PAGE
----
Film of the decade

The decade round-up continues, having gained an objective air that fits uneasily with the argument in my first post in the series. Yet another example of my endless hypocrisy, friends! The reason for the shift is straightforward. I feel comfortable when my ideas, reactions, obsessions, loves, are shared by people cleverer than me, so I advance them more forcefully. If other people think this, then I'm allowed to make maximalist claims about it. The Wire is the greatest television show ever, partly (mainly? only?) because everyone thinks it is the greatest television show ever. There is no such consensus behind Silent Alarm. Why I don't know. I think it's better than Is This It? or Turn On The Bright Lights, but can I trust that feeling? Bloc Party came after the Strokes and Interpol, but for me they were the game-changers. For the clever people writing those best-of-decade lists, it was the other way around. Maybe that's all it comes down to. Anyway, I felt isolated, so that's why I had to shoehorn some autobiographical justifications for my choice. Just so you know.

Anyway. My pick for best film has a consensus behind it. If by consensus you mean resident BBC film critic, and most adorable middle-aged fanboy in the universe, Mark Kermode. He says this film is the new Citizen Kane, so I'm pretty happy giving it my top spot. Drumroll...

Pan's Labyrinth - Guillermo del Toro (writer/director)

A fellow Wire fanatic and I once spent a good three minutes actively trying to pinpoint some aspect of the series that didn't work. We could only engage with the challenge on the level of pedantic nitpickery -- that line could have been delivered better, that shot could have been more interesting. All the major, structural building blocks -- the characters, the themes, the plotting, the look, were faultless. Perfect.

The last time I watched Pan's Labyrinth I set myself the same challenge. The only thing that stuck with me was a single crane shot sweeping up above the forest canopy to the sky, which I thought was colour-timed too blue. That was it. A NOTHING of a criticism! Laughable in its absurdity!

Pan's Labyrinth is quite literally a perfect film. Its definite, fully-formed shape reminds me of the control Alan Moore exerted over Watchmen. Del Toro's vision is crystal. He knows exactly what he's doing. Nothing you see or hear in Pan's Labyrinth is an accident. Every frame is a symbol. The windows, the furniture, the shape of the trees, are all imbued with meaning.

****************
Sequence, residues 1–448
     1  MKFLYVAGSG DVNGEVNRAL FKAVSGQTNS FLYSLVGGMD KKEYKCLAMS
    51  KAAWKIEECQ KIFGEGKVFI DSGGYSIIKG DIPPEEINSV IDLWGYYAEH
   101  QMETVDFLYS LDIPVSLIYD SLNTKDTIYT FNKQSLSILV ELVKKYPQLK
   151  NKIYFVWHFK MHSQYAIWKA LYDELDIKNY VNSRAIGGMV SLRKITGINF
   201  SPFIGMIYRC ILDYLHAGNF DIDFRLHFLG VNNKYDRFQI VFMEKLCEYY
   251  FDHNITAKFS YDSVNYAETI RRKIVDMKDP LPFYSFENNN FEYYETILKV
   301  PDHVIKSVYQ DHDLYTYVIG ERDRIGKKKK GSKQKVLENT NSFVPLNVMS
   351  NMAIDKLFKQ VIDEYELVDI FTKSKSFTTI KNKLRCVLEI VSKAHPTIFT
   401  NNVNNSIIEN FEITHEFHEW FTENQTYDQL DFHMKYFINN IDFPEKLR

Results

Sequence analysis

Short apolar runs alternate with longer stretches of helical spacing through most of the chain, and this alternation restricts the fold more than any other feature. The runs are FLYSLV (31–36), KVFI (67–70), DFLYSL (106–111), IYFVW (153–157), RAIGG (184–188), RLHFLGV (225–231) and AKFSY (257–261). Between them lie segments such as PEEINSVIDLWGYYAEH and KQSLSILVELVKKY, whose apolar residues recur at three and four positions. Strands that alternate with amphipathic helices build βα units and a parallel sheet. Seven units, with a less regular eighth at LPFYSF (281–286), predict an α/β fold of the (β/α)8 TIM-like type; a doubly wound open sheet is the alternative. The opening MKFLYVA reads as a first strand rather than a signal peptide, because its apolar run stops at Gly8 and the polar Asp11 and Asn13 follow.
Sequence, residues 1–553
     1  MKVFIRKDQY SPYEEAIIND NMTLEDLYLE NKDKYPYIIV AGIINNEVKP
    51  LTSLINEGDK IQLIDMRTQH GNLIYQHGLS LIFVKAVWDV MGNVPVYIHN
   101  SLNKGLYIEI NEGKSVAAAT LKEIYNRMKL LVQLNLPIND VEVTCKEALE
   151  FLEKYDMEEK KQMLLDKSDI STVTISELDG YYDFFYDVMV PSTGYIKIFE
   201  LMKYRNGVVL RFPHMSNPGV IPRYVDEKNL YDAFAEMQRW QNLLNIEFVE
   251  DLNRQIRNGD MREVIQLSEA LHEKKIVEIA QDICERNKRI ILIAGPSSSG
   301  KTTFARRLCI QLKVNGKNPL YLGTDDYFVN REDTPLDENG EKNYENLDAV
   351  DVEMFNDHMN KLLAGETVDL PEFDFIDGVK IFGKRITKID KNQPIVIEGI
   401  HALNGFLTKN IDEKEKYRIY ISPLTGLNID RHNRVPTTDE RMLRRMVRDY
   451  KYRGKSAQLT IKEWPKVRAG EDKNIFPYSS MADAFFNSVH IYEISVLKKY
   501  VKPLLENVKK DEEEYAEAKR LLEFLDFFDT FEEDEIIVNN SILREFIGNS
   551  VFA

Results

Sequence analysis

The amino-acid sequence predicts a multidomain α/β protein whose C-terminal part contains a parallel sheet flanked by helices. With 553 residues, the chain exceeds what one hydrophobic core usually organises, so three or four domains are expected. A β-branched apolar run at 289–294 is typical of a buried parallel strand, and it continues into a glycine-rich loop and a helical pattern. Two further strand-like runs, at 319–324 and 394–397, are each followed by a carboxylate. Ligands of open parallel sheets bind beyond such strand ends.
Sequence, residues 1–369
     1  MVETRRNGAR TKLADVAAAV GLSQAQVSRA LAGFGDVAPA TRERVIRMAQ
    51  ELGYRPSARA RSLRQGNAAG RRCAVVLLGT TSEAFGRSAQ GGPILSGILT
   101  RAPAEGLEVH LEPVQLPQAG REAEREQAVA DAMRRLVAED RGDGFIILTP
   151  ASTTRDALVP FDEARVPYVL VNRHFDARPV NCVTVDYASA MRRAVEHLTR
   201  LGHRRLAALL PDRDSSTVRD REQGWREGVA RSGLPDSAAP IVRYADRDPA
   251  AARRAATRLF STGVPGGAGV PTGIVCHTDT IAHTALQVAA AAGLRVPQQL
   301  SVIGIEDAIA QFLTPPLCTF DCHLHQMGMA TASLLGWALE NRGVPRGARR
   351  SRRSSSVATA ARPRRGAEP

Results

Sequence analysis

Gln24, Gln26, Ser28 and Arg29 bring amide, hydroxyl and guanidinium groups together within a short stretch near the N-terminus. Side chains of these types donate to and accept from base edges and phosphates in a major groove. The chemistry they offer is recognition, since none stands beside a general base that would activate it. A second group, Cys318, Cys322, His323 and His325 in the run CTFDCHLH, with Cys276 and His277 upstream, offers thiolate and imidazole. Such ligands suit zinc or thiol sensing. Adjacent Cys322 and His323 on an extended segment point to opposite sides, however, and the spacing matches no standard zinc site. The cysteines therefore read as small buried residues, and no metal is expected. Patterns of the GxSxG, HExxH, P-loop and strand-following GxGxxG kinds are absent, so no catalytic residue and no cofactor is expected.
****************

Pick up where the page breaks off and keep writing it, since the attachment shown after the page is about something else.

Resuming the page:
And it's a feast of a film. Every shot swoops you up from underneath and throws you headlong into the fantastic, gothic, tense, creepy, surreal world of Franco's Spain. The camera is almost singing a lullaby to you, casting you adrift, floating you through the fairy-tale. And the colours are hyperreal, bright golds and reds, and mysterious blues and violets, depending on the world you're currently exploring. And the monsters: knobbly, slimy, fleshy, physical. And meticulously designed. The Armchair Critic has come up with some convincing interpretations of the symbolic significance of the three tasks Ofelia has to face.

But what ultimately clinches Del Toro the top spot isn't the much talked about individual details, but the big picture. Pan's Labyrinth sets up two parallel avenues of interpretation, the secular and the fantastic, and keeps them open throughout the film. In using this structure, the film explores the link between a frightened girl's imagined fairy tales, and the origin of religion. Del Toro's lapsed Catholicism is all over Ofelia's return to her father's golden kingdom. The paternal God, the maternal Mary, the sacrificed child. And below, the goat-legged tempter (though the faun is more of a Old Testament Satan -- not a malevolent devil, but a good-natured trickster). The film shows how these bedtime stories, myths, fables, grow out of a real historical setting. It celebrates the transformative power of our imagination.

But it does more than that. Ofelia performs her secret missions in a Spain torn apart by civil war. The two sides are drawn with a fitting childlike fairy-tale simplicity -- the ruling, oppressive, bloodthirsty fascists, and the downtrodden, selfless, brave socialists. Anti-authoritarianism is the film's most obvious and powerful theme. Even religious authority is suspect -- the village priest shares Captain Vidal's table. In mirroring Ofelia's trials with the struggles of the resistance, Del Toro is stressing that all authority is a work of imagination. It is a lie that comforts us, but is ultimately a pretext for oppression. Our imaginings are seductive and dangerous. They can imprison people. Pan's Labyrinth draws up a manifesto for a new anti-authoritarian imaginative project, where everyone is free to build a religion of their own.


  1. Anonymous28.12.09

    I could agree with you more.

  2. This comment has been removed by the author.